Chapter 13 bankruptcy is known as a reorganization bankruptcy, described in the Bankruptcy Code as “Adjustment of Debts of an Individual with Regular Income”. The debtor keeps the property but must pay their debts according to a payment plan over a 3-to 5-year period. The time period is based on a comparison between your average monthly income for the six-month period prior to the filing date of your bankruptcy petition and the median income for your state. The median income for your state is published on the U.S. Trustee’s website. (see Resources).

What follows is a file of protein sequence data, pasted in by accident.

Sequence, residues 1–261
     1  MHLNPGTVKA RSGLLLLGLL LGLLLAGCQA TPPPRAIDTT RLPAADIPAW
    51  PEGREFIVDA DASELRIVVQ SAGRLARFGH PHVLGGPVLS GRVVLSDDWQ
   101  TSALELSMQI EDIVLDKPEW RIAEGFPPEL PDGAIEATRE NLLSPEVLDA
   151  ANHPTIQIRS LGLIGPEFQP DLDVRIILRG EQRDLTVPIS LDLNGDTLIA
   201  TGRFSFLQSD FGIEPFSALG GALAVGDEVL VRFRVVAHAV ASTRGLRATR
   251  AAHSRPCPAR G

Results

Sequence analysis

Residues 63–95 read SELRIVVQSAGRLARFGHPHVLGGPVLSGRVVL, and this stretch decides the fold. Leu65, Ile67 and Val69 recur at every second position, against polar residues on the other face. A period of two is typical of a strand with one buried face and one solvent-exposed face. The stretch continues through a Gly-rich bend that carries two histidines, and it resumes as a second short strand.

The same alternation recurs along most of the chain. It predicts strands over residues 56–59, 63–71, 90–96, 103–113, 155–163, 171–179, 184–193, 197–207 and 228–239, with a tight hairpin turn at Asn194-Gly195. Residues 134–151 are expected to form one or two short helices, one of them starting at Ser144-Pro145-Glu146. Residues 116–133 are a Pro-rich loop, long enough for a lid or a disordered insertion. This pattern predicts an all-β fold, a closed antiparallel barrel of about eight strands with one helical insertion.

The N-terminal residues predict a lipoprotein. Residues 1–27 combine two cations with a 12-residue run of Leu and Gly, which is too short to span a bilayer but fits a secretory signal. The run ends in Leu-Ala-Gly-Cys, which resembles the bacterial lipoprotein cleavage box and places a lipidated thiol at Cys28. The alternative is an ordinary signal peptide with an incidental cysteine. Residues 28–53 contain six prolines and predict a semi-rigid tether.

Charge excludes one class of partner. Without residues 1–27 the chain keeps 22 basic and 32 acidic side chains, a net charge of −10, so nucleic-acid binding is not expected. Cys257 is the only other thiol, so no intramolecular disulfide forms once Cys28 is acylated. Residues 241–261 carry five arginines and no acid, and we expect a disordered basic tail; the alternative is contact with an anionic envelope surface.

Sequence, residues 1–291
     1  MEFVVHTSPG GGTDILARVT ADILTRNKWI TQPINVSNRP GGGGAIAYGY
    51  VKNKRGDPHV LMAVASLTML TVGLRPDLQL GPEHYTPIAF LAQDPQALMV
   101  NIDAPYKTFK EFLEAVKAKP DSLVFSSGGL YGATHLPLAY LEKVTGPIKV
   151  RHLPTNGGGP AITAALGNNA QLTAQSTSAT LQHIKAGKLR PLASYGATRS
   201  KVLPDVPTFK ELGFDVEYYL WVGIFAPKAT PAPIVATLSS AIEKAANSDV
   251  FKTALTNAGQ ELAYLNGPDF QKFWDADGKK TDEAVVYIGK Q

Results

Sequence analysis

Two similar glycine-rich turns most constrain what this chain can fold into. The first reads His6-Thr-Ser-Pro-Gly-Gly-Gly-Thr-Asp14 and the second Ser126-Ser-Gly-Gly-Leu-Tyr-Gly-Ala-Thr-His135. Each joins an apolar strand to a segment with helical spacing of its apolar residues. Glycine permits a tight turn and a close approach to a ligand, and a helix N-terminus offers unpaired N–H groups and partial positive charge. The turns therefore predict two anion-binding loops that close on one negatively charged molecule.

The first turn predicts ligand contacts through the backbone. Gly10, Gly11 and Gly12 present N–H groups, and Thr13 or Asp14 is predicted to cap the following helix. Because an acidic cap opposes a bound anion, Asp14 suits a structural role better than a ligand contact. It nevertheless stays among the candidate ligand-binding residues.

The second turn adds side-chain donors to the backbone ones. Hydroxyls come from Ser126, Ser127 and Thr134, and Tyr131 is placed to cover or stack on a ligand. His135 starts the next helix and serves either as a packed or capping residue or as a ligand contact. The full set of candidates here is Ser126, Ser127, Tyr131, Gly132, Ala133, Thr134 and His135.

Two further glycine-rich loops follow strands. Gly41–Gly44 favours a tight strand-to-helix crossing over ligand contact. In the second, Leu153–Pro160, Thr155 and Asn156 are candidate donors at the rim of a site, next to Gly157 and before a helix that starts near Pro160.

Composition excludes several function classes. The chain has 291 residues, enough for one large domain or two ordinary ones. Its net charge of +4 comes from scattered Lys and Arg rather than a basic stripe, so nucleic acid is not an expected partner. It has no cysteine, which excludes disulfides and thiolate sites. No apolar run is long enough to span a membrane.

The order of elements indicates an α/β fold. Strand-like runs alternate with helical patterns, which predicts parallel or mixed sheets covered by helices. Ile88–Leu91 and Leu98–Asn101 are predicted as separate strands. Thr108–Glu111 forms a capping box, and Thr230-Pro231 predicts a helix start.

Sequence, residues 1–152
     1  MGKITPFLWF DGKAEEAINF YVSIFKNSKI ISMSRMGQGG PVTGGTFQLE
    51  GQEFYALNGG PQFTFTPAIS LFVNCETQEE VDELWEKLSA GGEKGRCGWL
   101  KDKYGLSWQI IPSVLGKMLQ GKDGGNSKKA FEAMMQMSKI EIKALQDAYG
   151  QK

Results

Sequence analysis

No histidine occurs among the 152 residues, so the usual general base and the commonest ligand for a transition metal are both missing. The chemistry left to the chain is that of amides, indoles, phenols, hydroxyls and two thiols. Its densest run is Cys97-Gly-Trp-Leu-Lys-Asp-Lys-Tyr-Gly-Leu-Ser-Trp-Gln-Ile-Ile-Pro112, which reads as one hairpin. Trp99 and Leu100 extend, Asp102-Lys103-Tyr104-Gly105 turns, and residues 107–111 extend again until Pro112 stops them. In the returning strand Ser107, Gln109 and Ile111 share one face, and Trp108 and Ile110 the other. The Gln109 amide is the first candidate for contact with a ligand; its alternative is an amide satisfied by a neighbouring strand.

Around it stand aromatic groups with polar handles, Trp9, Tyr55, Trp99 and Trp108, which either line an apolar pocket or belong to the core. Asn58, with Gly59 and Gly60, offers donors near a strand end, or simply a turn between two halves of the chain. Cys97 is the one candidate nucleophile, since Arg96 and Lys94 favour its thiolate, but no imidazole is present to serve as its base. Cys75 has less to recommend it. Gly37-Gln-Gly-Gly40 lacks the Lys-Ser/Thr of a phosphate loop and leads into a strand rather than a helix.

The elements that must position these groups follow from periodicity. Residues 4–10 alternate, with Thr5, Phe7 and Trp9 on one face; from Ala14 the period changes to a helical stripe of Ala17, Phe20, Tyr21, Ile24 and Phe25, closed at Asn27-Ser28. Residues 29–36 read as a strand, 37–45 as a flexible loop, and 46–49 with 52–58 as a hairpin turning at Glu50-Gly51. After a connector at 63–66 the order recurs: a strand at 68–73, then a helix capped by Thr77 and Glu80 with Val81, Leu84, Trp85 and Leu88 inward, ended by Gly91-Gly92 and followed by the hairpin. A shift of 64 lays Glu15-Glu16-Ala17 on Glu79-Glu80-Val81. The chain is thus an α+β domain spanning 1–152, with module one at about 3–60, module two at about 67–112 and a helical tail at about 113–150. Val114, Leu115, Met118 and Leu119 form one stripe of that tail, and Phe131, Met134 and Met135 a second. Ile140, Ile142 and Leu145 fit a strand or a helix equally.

The repayment plan distinguishes a Chapter 13 from a Chapter 7, because, under a Chapter 7, the debtor’s debts are wiped out but they must give up some property to the Bankruptcy Trustee, who will use the property to pay debts.
In order to qualify for Chapter 13 bankruptcy reorganization, the debtor must prove to the court that they can finance the plan. They must have enough income to meet the payment plan but not so much debt that repayment might not be possible. If the debtor’s plan is not confirmed, the debtor may file for Chapter 7 bankruptcy.